The youth branches of the UGT and CCOO have criticized the excessive job instability today while focusing on new labour relations that are emerging on digital platforms

The unions have a long history of struggling to defend the rights of workers. They are responsible, to a large extent, for the benefits the working class enjoys in a labour market that has had to deal with changes during the latest crisis that have mainly affected young people. This group is precisely the main concern of the daily work performed by UGT and CCOO, whose youth departments have thousands of affiliates who see these organizations as a ray of hope in these difficult times. “Young people are active. They propose discussions, contribute proposals… We need to accommodate them, listen to them and channel their problems to find solutions and create change. The young people who join the unions and demonstrate in the streets to claim their rights do so because they want to become the driving force that promotes changes in our society”. Eduardo Magaldi, the secretary general of UGT Youth, which, since 2008, has experienced a constant increase in members, now totalling 80,000, explains that the confederal department develops a multitude of activities in the fields of Employment and Unemployment, Trade Union Actions, Health & Safety, Trade Union Training and Institutional Representation.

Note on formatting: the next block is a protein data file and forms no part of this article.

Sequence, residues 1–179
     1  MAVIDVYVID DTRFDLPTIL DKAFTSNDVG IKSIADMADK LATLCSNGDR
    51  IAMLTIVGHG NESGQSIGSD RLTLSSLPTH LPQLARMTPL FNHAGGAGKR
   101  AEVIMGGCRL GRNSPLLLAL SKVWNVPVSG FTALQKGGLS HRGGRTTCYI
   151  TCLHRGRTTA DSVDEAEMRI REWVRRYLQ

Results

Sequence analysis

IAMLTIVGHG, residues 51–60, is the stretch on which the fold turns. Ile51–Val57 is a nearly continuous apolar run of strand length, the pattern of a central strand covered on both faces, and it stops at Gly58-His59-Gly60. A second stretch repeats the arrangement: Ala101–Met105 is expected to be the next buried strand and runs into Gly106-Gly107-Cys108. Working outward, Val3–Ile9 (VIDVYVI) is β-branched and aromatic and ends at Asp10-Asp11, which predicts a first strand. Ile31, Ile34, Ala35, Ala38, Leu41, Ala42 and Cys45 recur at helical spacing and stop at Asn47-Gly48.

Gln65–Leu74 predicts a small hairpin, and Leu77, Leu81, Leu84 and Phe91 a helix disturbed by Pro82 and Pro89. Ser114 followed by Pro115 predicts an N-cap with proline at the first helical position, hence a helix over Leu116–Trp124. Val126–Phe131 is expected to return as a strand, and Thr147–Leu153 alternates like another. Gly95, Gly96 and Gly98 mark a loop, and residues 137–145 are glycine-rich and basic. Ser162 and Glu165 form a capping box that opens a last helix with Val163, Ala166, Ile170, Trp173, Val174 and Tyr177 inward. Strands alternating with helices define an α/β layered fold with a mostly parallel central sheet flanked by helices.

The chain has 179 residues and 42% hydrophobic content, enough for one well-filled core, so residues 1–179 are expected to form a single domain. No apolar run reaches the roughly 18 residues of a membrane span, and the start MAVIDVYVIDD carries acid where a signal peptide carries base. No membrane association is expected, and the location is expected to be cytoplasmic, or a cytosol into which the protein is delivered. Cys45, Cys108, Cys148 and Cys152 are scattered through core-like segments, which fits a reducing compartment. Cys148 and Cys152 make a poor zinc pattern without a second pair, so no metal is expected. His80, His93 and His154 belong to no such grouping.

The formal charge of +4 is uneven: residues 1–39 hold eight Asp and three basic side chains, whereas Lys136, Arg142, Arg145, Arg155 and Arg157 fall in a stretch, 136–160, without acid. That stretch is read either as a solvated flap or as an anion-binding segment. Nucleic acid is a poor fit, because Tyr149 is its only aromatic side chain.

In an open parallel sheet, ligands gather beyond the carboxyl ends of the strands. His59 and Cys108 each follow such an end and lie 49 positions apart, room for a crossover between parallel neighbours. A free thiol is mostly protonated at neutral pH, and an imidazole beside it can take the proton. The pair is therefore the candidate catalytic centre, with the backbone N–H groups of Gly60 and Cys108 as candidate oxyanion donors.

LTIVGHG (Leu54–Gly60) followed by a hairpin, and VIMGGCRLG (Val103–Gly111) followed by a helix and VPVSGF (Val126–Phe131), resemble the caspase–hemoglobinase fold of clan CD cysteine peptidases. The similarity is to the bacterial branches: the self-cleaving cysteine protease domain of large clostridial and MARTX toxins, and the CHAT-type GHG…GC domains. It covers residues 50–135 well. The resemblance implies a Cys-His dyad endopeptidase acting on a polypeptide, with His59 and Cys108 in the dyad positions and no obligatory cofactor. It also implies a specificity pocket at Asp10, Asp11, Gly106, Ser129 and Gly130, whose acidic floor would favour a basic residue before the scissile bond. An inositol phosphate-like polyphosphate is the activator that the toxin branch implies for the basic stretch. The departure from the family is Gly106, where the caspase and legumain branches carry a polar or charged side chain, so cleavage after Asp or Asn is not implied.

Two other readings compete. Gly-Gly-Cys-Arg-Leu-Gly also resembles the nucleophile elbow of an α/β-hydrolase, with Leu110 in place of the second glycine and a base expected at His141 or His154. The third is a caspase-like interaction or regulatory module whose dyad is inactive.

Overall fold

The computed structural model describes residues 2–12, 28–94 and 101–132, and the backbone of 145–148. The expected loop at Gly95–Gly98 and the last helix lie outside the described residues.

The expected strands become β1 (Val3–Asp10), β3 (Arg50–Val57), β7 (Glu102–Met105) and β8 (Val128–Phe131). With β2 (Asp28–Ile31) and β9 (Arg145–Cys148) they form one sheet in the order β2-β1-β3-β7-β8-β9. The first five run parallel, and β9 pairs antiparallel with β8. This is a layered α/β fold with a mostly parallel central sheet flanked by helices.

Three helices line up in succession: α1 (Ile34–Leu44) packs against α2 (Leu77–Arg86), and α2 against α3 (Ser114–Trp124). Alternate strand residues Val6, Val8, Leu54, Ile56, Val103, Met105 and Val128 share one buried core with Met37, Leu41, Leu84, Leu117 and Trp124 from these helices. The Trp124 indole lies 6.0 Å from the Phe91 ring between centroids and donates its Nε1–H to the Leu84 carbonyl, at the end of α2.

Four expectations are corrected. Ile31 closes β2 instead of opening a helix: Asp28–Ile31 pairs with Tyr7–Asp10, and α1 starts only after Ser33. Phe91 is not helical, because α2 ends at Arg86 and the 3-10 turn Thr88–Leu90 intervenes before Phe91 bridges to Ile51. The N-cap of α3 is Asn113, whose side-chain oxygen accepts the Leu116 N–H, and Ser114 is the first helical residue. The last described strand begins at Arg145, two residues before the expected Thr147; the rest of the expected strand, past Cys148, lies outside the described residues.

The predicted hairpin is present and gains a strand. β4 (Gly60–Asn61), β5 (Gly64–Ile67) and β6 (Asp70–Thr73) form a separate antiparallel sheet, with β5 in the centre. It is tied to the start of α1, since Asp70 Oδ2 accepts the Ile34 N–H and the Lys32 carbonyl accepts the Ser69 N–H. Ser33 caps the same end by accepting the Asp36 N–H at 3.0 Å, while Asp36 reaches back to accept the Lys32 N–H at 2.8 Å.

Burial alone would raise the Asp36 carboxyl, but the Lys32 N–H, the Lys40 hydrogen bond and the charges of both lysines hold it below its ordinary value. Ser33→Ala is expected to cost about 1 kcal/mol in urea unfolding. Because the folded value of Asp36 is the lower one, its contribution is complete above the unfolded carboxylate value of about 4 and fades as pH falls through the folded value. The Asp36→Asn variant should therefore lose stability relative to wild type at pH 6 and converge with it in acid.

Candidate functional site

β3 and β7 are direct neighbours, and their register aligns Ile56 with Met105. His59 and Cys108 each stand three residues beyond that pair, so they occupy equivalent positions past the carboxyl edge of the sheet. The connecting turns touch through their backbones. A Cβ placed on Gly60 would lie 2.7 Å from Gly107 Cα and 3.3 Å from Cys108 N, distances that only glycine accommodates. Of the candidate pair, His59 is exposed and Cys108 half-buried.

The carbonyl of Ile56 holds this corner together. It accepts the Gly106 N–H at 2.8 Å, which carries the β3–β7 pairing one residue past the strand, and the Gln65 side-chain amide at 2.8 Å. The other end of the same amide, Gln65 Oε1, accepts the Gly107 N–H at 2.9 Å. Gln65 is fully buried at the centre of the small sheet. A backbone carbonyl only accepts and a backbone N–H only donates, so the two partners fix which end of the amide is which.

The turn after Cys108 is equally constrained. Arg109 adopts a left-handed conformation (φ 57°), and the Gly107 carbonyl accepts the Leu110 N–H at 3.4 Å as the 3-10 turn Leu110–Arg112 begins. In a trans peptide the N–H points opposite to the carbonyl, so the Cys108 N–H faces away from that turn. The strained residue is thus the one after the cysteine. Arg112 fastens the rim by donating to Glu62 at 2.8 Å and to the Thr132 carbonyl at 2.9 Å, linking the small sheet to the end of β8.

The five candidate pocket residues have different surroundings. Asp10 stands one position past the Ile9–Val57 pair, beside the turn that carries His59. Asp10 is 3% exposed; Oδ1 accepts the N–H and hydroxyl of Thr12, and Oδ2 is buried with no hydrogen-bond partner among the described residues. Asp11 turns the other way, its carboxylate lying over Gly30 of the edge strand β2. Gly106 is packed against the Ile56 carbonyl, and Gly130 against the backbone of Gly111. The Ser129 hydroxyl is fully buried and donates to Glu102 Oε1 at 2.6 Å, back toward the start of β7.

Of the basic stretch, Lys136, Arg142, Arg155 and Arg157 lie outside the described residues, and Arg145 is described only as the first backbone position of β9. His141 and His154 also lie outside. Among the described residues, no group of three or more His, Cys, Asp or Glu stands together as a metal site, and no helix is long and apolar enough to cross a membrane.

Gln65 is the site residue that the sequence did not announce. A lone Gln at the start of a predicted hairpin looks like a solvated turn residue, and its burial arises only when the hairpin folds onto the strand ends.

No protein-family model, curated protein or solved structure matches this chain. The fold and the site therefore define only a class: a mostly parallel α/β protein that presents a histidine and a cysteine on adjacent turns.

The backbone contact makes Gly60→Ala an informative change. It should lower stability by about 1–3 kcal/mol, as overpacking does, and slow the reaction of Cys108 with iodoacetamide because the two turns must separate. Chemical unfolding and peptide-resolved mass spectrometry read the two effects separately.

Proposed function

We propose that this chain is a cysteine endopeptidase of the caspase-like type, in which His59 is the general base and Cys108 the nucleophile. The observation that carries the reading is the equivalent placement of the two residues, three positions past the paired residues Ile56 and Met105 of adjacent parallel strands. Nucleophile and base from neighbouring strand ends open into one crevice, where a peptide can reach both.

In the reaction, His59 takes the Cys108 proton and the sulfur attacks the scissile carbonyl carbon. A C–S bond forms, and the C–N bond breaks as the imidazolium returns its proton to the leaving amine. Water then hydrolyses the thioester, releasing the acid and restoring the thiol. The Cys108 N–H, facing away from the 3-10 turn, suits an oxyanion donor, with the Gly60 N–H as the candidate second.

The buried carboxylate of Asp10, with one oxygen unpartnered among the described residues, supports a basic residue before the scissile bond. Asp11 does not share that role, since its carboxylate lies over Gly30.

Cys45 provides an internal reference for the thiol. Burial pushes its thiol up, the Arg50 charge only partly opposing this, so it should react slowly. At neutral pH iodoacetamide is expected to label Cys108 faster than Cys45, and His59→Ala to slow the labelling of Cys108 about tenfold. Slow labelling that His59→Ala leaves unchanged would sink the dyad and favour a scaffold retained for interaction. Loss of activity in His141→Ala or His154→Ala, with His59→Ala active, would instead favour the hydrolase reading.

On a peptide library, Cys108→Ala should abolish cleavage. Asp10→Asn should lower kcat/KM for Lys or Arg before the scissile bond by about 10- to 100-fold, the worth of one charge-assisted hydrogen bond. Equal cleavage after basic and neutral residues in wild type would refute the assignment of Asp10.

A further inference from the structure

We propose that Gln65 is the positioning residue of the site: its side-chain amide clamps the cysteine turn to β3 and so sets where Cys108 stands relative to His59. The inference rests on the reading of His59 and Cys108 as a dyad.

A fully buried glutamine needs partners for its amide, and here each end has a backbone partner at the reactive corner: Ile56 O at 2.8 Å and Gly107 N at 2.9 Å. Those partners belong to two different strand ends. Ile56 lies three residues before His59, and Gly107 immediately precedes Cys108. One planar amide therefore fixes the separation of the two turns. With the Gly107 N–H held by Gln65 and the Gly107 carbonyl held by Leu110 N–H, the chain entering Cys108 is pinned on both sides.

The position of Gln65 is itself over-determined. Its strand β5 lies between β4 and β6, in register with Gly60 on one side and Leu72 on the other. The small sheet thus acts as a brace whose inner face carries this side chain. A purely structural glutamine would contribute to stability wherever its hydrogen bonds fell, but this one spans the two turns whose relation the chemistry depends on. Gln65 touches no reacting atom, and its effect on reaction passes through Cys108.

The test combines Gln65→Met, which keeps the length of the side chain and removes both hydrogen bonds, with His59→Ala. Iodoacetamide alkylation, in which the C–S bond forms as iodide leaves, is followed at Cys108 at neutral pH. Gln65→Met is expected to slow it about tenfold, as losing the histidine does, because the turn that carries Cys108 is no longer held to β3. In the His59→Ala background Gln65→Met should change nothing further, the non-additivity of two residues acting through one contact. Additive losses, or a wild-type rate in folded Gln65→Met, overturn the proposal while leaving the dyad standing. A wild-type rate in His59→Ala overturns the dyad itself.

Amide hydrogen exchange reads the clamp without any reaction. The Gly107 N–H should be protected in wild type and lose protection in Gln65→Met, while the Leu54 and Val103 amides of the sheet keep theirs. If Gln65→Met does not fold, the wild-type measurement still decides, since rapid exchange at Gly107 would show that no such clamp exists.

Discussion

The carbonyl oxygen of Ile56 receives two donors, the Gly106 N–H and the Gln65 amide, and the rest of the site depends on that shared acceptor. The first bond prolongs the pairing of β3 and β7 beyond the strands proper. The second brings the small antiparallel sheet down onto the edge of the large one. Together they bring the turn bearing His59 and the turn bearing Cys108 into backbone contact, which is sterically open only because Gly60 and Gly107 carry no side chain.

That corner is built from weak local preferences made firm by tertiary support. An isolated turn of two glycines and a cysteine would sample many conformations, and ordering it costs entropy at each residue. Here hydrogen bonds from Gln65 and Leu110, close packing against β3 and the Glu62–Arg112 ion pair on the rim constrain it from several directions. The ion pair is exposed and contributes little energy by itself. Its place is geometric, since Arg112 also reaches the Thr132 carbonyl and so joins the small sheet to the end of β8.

Eduardo Magaldi

CCOO has also seen an increase in the number of members under the age of thirty. “Our greatest challenge is to build youth organisations that are also attractive to that are experiencing severe job instability and for those who are still imparting some type of study programme”, says Carlos Gutierrez, Secretary of Youth and New Labour Reality. Within the trade union, he adds that they would like to “mainstream the concerns and aspirations of youth in all the responsibilities that exist in the confederation”.

Trade union actions focus on eliminating the unemployment and insecurity that result in “a lack of autonomy that prevents the development of a medium and long-term life project and normal social inclusion”, emphasizes Gutierrez. Concepts such as insecurity (which is often responsible for accidents), equality, or discrimination are some of the key sticking points for both trade unions, the most widely representative in Spain.

The goal of reducing unemployment rates goes hand-in-hand with the monitoring of the conditions of those who have found a job. These organisations have warned about the insecurity thousands of young people are experiencing; young people who are the main victims of the many labour reforms passed in recent years. A reality that the new collaborative economy digital platforms such as Deliveroo, Uber, Glovo… do not seem likely to improve. These environments are now in the sights of workers’ representatives. CCOO has launched a strategy to protect these employees. “These are emerging situations, they are not widespread and they are numerically small, but they do have a great potential for growth. The problem is that they are building a relationship model between workers and companies that exceeds and erodes Workers’ Rights, establishing a labour relationship that, from our point of view, is fraudulent”, says the Secretary for Youth and New Labour Reality of CCOO. At UGT, the struggle for the rights of the so-called ‘riders’ has led them to create a dedicated website to provide legal aid to those working in digital companies.

Carlos Gutiérrez